How to Cope with Feeling Overheated

Despite a lack of explanation about what causes this overheated symptom, what can you do about it? Here are some tips.

Layer your clothing

“I wear sleeveless or short-sleeved tops in the winter, and wear cropped pants,” Frances says. “In the winter, I often wear shoes without socks to keep my feet cool.”

Keep your spaces cool

“I’ll drive in my car without the heat or wearing a coat in 40-degree weather, and I’ll keep my house temp at 67 degrees,” Frances says. You can also keep your windows cracked.

Use cold water or ice

“This is that grandmotherly advice of putting a wet towel on your head,” Dr. Domingues says. You can also take cool showers. “I have to shower before bed to lower my core temp, and I always have the fan on in the room,” Katharine S. said on Facebook. Frances also says she puts a large malleable ice pack on parts of her body to cool down.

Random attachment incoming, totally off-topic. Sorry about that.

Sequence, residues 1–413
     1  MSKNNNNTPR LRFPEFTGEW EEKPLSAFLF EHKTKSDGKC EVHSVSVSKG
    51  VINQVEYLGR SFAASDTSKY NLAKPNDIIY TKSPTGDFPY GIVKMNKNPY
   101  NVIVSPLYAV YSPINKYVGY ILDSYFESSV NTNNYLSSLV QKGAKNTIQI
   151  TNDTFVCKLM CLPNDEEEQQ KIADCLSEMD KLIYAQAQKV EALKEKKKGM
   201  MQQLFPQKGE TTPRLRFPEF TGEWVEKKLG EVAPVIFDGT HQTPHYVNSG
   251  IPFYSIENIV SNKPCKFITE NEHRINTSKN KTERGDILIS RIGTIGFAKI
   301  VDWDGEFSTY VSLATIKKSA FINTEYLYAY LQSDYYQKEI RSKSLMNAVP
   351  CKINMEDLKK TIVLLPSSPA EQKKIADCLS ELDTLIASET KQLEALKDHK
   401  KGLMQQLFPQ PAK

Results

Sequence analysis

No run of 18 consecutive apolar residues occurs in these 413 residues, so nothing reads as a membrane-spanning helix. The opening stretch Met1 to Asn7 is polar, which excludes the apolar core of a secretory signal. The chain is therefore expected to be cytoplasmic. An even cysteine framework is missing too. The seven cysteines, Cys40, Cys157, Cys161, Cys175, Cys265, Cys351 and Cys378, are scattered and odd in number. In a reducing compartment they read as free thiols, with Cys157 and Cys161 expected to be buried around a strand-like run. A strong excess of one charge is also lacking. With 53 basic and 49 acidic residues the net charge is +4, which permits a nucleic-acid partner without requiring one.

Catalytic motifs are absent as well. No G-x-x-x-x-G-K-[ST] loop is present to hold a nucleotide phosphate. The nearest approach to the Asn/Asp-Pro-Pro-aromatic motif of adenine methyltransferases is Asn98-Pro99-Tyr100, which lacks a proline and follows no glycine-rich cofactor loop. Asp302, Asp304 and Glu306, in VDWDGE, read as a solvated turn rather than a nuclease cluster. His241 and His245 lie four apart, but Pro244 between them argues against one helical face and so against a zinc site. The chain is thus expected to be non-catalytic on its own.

Eat and drink cold stuff

Think ice water or popsicles.

Soak your feet

“I ice or soak my feet in ice water to reduce the hot and burning feeling,” Frances says. “I also ice my feet at work sometimes — thank goodness I’m in an office area with only four others!”

Wear a hat

Although you think it might make you hotter, a couple of CreakyJoints members recommended it for readjusting your body. “I use a hat indoors to help regulate my temp,” Veronica G. says.

Try to stay calm

Some patients mentioned that the hot feeling got worse if they were stressed. “Use deep breathing exercises help to cool down when you feel overheated,” Dr. Norton suggests.

Take a break

“I advise patients to step outside for fresh air if it is cool outside,” Dr. Norton says.

Remember: You’re Not Alone